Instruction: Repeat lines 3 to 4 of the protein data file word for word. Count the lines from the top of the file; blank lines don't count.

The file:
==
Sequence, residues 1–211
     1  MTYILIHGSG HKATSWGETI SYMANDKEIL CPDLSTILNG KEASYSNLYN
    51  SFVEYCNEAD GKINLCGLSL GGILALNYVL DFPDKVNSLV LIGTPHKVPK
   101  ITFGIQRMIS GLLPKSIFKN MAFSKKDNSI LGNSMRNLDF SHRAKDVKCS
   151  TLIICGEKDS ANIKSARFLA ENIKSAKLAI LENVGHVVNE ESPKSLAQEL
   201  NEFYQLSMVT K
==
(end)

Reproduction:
    51  SFVEYCNEAD GKINLCGLSL GGILALNYVL DFPDKVNSLV LIGTPHKVPK
   101  ITFGIQRMIS GLLPKSIFKN MAFSKKDNSI LGNSMRNLDF SHRAKDVKCS